Carnival Cruise Corporation began in 1972. The company couldn’t afford a new ship, so they bought an old beaten-up one. Their cruises consequently took longer than their competitors’ to reach the same destinations. Instead of giving up, Carnival added discos and other amenities to keep their passengers entertained while on board. By doing so, the company reinvented the cruise industry, and today is the largest cruise line in the world and is known as “The Fun Ship” Cruise Line.
The leaders of Carnival had their original agenda, but it was knocked off track. As a result, they had three choices:
1) Give it their all – holding to their vision and reinvent themselves to meet their challenges.
2) Give up and move on – objectively assessing the upside and downside and deciding their best move is to exit.
3) Give away their choice – blame it on something outside, such as competition, market conditions, etc., and whine into a slow death…
Individuals also have these same three choices when their agenda is high jacked by unseen challenges or problems. Choices one and two are focus by a larger purpose and an assumed personal responsibly. Both are wins and driven by love, humility and confidence. The third choice is fueled by fear, personal ambition and pride. Third-choice people blame such things as their co-workers’ attitudes, a mean boss, entitled career track or team members who “just don’t understand me” for their place in life.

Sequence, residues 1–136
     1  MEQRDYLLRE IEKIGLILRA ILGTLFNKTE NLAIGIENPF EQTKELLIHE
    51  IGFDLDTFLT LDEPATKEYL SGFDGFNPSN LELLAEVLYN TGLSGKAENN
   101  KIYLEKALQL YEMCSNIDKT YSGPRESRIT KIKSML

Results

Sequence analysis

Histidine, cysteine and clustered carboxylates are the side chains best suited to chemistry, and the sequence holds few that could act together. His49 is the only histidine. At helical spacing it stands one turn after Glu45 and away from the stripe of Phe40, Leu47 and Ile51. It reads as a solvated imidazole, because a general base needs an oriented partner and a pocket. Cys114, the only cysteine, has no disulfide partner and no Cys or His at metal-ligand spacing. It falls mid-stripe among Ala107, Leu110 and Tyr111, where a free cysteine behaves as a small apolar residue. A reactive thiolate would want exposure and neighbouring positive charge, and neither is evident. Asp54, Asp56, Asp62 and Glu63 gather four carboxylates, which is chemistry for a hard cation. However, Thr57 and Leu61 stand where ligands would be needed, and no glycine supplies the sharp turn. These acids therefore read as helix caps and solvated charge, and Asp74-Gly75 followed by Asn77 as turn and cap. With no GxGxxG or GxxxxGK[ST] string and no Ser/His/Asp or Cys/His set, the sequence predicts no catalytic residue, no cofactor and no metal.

This third choice is attractive to many people, because it comes with built-in excuses and, if it ended there, all would be well. The sad and disruptive truth is the third-choice guy is often spending his or her energy trying to undermine the reason or person they hold responsible for their missed opportunity, instead of making a first or second choice and moving on toward their new vision.
Most of our short-term agendas are interrupted and adjusted without a hitch every day, but life-long agenda curve balls can be different. Personal and family losses are often among the hardest, but I have found that one of the toughest agenda crises is not getting the work promotion you expected and had worked toward for many years. This can be even more difficult when you have to report to the person who now has the job you believed you deserved – and their agenda becomes your new agenda.
As more and more baby boomer executives are aging out to retirement, I am often seeing three or four managers inside the organization vying for the same top-level position. Which means at least two or three very disappointed people are now expected to move on and lead under the supervision of a past peer. This is tough, but like all of us- they have three choices.
Each of us has choices when our agenda gets derailed. Will your choice be to become a fun ship, find a new ship or a stay on a slowly sinking and stinking ship when a big change takes you way off course in your leadership and life?
The fears we flee from are those that eventually master us. Those we face, shrink away from us and become as nothing. — Max Brand, author of western novels
For the Spirit God gave us does not make us timid, but gives us power, love and self-discipline. — 2nd book of Timothy 1:17 NIV Bible
It ain’t the heat, it’s the humility. — Yogi Berra, baseball player
When you have to make a choice and don’t make it, that is in itself a choice. — William James, psychologist
We can complain because rose bushes have thorns, or rejoice because thorn bushes have roses. — Abraham Lincoln, US president
It is our choices that show what we truly are, far more than our abilities. — J.K. Rowling, author & playwright